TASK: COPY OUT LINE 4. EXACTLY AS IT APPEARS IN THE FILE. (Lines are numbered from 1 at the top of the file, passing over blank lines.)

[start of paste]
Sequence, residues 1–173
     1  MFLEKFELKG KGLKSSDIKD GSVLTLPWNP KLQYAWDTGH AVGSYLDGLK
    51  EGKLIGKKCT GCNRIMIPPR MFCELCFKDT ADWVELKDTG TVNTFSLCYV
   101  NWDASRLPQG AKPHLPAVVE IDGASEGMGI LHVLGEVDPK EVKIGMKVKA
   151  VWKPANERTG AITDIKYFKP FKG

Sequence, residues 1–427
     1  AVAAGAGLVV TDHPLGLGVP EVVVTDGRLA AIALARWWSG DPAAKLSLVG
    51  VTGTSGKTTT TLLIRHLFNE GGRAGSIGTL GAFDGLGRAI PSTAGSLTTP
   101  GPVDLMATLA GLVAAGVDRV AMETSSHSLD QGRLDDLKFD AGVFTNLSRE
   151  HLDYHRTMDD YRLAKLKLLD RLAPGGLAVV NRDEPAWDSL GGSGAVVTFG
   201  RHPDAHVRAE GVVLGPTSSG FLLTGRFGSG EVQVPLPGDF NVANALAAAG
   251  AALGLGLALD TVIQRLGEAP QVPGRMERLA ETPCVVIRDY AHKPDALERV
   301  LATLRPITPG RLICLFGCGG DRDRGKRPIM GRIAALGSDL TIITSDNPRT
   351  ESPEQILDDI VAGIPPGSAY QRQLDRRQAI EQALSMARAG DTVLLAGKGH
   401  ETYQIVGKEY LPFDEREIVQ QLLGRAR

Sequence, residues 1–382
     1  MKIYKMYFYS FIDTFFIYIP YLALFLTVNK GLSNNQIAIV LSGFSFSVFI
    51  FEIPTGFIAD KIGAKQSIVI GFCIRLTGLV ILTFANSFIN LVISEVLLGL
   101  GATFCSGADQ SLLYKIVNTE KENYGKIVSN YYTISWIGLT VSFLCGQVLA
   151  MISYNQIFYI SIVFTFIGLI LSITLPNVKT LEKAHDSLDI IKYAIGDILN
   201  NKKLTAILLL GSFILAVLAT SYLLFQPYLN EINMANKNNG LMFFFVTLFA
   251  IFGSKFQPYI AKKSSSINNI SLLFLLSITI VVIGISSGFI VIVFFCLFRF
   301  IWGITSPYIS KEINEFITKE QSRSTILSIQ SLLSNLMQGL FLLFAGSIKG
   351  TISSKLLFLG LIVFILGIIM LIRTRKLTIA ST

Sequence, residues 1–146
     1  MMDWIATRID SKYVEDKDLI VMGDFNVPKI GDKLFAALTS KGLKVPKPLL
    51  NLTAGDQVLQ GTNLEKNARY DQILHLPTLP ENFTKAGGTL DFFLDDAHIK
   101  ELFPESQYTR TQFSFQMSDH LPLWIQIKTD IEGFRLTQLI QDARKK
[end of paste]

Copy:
   101  NWDASRLPQG AKPHLPAVVE IDGASEGMGI LHVLGEVDPK EVKIGMKVKA